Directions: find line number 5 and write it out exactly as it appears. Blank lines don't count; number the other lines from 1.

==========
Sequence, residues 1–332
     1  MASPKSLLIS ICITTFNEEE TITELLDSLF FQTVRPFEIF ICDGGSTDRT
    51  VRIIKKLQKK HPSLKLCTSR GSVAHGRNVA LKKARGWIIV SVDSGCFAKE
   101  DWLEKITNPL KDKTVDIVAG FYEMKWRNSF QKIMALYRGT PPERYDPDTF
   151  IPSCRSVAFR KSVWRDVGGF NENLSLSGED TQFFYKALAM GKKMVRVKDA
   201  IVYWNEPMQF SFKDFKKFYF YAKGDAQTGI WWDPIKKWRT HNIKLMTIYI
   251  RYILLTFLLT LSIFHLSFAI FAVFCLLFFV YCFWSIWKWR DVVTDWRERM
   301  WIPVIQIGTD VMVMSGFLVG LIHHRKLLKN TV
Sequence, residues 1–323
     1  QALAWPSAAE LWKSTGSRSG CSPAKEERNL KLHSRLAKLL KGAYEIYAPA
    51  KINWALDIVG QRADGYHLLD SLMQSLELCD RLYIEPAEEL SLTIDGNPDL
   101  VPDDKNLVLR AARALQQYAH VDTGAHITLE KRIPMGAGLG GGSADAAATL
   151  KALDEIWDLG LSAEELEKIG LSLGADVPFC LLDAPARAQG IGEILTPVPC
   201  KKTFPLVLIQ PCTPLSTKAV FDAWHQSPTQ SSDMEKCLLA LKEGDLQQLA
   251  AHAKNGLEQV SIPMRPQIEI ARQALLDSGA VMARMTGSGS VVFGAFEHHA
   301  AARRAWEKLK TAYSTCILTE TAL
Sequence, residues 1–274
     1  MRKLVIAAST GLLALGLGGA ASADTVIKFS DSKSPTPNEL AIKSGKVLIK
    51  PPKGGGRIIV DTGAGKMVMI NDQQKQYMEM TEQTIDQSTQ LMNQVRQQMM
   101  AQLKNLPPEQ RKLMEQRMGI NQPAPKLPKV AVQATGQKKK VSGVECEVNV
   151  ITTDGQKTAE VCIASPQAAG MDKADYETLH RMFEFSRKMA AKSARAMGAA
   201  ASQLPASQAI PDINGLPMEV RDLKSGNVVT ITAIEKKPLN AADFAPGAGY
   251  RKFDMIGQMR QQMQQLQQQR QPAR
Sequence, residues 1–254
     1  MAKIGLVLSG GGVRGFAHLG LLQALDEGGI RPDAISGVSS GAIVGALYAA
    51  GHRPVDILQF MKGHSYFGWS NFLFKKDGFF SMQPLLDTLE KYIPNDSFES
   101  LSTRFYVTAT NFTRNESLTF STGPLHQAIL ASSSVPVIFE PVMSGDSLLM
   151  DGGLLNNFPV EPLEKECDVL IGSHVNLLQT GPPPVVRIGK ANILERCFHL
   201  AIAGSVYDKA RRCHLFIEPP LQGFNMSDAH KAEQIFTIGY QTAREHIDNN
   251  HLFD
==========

   151  IPSCRSVAFR KSVWRDVGGF NENLSLSGED TQFFYKALAM GKKMVRVKDA